Title: The Little Leftover Witch
Author: Florence Laughlin
Publisher: Simon and Schuster Books for Young Readers (Reissue Edition)
Publication Date: 1960, Reissued in August 2013
Audience: 8 and up
Summary: As Lucinda Doon goes to bed on Halloween night she hears a sound almost like crying outside her window. She opens the window and discovers on the sycamore tree Felina, a young witch who has broken her broom and is doomed to spend the year with humans until next Halloween when she may catch a ride on another witch’s broom. Alas, Felina doesn’t like humans. She spends the night in the corner of Lucinda’s closet (witches don’t sleep in beds) and Mr. and Mrs. Doon accept a witch with some surprise the next morning into their home. Lucinda welcomes a playmate, albeit an unpleasant one, and Felina accepts Itchabody, the cat, as the only acceptable member of the household. So for the next year Felina practices her small magic (apples mysteriously disappear, Mr. Doon’s ties are all in knots, Lucinda’s favorite doll is lost) in the Doon household and learns about birthdays, Christmas, school, rules, and saying, “I’m sorry” and “Thank you.” The change in Felina by the next Halloween is, says the presiding judge at her adoption by the Doon family, “Pure magic.”
Literary elements at work in the story: There’s a literary genre called magical realism where ordinary, mundane events and magic merge seamlessly. This story may be too slight to bear that literary designation but it does blend the unlikely presence of a small witch into the daily life of an ordinary family without explanations or question.. The text, half-a century-old, has been renewed and reprinted, and though some aspects are dated, it continues to delight as a read-aloud for children as young as four and for families of mixed ages or for middle elementary readers as a chapter book. One problematic aspect is the threat of spanking when Felina refuses to sleep in a bed. It never occurs and this is a very peaceful household but the threat is there. (I’ve read this to a single child and a room full of children many times. I’ve never failed to hear, “Don’t stop. Read some more.”)
How does the perspective on gender/race/culture/economics/ability make a difference to the story? Accept the blurring of magic and reality, and perspectives aren’t too important. The Doons are white; Mr. Doon is the bread winner; the neighborhood is middle class; the town is small.
Theological Conversation Partners: Churches that baptize infants act on the faith that God will be nurturing the child in Christ, not once but daily, through the family. Felina’s life in the Doon household as she’s transformed from a witch into a little girl is a very good example of this spiritual formation or Christian nurture, though those terms aren’t used. Felina is not lovable but the Doons act like she is. They care for her, insist on rules that will help her grow, support her when the world around her is critical and enjoy her. A most important turning point comes when Grandfather Doon gives her his birthday, something witches don’t have and so can’t have birthday parties. Paul refers to becoming a Christian as adoption (Romans 8:15, Gal. 4:4, Eph. 1:5) and encourages the Ephesians to grow up in every way in Christ. A household of disciplined love is the soil in which Christians grow. Giving names is important in biblical identity. Abram becomes Abraham; Jacob becomes Israel; Peter becomes Cephas. Felina claims a new name as well based on the relationships of love in her home.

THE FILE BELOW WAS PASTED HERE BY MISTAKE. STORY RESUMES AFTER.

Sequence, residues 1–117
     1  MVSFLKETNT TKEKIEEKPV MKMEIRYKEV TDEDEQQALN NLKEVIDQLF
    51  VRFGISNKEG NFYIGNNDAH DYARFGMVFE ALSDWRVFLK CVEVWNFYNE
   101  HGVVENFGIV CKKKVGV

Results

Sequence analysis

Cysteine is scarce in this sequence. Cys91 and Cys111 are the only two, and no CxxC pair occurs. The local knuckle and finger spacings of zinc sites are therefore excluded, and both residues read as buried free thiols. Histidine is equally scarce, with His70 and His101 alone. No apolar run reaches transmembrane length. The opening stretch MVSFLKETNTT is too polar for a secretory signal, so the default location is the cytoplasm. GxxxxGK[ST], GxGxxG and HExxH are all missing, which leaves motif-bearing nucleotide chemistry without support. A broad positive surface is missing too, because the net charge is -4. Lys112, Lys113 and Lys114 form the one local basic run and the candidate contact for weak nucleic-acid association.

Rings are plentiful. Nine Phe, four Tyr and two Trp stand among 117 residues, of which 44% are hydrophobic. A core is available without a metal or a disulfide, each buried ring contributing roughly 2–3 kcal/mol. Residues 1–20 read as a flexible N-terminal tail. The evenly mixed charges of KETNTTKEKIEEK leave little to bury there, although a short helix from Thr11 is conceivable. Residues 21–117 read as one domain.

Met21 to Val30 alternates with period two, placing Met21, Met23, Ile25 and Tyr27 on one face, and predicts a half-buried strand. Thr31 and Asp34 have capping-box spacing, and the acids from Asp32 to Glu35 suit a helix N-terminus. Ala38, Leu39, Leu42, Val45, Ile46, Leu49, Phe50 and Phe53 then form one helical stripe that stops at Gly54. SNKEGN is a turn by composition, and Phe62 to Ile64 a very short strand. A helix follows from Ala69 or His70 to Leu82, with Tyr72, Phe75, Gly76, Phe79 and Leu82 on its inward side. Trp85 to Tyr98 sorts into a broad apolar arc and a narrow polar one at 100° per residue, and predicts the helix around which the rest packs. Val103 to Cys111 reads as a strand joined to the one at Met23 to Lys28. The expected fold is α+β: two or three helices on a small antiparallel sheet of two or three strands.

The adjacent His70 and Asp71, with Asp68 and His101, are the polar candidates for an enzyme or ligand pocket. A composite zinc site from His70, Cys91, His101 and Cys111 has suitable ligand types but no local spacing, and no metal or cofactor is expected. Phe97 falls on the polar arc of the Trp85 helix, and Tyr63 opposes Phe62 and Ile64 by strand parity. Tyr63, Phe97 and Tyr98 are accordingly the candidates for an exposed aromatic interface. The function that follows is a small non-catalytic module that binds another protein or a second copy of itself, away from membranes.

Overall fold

Faith Talk Questions:
- Why doesn’t Felina like people? Has she ever known any? What’s the name for judgements that we make without experience or knowledge?
- Felina is impressed with how she looks after her hair is combed and she has a bath. Is how we look important to us? Why or why not?
- Why do the Doons let Felina wear her hat even though it causes problems?
- When is Felina most likely to practice small magic?
- What would it feel like not to have a birthday? Why was Grandfather Doon’s gift important to Felina?
- How did Grandfather Doon help Felina say that she was sorry?
- Mrs. Doon put a full basket of fruit out, saying that it was for everyone in the house to eat. What prompted her do this? How did this affect Felina?
- How did the Doons help Felina learn to read and know her success was important to them?
- Why does Felina choose to be called “Lucinda, Mary, George?” If you could choose your name, what would it be?
- Think of the things that make your home a good place to grow into disciples of Christ.
The Little Leftover Witch by Storypath is licensed under a Creative Commons Attribution-NonCommercial 4.0 International License.